“As for manufacturing, Malaysia needs to migrate to Industry 4.0 as we move up the value chain to provide high-end services. This includes scientific, and engineering and testing services. We must increase our R&D capabilities and capacity.”

For Ferlito, Bank Negara Malaysia’s directives and implementation at bank level have made banking procedures “very complicated” especially for international companies.

“Even for local companies, dealing with foreign incoming and outgoing, transfers is quite complicated. Simplification is needed,” he said.

The labour market also needs to be more open to both expatriate and low-skill foreign workers. “For example, the 80/20 quota (80% Malaysians/20% foreigners) for a manufacturing licence is totally unrealistic, and makes it difficult to take important investment decisions,” he said.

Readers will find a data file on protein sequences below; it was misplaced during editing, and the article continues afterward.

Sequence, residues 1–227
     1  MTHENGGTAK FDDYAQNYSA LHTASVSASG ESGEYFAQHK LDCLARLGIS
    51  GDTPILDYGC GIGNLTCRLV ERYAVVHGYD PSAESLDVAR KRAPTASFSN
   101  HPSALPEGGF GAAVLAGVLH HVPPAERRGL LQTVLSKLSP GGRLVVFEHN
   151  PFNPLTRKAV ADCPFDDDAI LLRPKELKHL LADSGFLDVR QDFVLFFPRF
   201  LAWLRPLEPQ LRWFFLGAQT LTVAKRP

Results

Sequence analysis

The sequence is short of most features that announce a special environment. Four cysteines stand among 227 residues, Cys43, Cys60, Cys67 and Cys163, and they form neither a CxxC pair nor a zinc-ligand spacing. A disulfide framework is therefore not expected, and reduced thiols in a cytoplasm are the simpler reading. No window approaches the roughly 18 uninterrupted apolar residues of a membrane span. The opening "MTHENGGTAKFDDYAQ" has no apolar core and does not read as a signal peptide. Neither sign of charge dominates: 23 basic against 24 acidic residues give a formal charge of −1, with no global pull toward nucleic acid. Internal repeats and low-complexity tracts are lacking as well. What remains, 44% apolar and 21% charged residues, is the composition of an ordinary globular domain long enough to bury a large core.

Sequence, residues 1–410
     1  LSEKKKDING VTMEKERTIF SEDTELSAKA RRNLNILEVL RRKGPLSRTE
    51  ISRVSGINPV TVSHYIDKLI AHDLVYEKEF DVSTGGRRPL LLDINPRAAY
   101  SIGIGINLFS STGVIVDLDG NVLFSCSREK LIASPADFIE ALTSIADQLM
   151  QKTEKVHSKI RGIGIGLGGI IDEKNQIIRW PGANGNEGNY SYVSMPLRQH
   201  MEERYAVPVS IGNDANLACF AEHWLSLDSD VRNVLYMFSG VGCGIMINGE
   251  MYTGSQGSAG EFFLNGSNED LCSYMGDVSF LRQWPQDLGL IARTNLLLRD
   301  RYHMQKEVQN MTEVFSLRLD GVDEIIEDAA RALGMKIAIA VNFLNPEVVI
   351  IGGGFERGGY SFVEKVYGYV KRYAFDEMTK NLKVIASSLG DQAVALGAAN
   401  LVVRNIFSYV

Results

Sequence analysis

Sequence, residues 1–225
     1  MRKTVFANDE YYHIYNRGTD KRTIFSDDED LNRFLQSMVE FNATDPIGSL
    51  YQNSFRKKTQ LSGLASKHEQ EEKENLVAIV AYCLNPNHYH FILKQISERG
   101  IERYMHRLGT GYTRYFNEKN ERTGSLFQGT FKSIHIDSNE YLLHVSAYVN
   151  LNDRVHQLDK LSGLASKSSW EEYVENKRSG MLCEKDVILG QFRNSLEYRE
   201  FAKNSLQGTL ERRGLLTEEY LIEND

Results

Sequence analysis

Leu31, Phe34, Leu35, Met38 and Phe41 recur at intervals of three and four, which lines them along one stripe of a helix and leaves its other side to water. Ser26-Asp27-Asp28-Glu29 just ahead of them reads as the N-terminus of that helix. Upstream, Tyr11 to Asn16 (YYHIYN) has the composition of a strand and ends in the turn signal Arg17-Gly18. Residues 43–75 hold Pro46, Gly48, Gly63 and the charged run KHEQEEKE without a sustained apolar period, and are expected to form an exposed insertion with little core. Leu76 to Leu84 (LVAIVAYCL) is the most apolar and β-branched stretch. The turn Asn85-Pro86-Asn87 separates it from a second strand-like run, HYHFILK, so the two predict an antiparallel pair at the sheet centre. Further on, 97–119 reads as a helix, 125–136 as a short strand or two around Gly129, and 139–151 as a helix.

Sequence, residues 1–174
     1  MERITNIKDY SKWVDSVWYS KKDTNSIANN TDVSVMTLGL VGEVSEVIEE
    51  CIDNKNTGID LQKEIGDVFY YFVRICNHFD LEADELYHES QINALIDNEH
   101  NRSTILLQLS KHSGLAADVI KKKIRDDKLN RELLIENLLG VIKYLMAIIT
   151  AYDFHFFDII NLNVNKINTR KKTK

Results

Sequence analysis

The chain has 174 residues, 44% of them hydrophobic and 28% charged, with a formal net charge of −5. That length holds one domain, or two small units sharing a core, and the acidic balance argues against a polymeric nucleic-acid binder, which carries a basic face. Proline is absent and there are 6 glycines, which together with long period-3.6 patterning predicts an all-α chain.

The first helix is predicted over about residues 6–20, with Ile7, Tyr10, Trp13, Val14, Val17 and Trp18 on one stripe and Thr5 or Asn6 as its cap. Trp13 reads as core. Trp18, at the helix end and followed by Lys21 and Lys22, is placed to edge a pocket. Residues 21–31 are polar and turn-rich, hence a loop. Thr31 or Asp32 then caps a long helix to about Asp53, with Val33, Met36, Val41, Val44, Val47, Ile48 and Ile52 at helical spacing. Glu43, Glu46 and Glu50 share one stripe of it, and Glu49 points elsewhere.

Lastly, Malaysia should rediscover the importance of manufacturing as the backbone of a country’s economy, he said.

Ferlito believes it is possible for Malaysia to return to its glory days, but it requires political will and, above all, vision.

Likewise, Yeah’s view is that with good governance, a focus on tackling corruption, right policies and strategies to raise efficiency, productivity and competitiveness in both the public and private sectors, there is no reason we cannot become an economic powerhouse and join the league of industrialised nations.

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Posted on 01-Sep-2023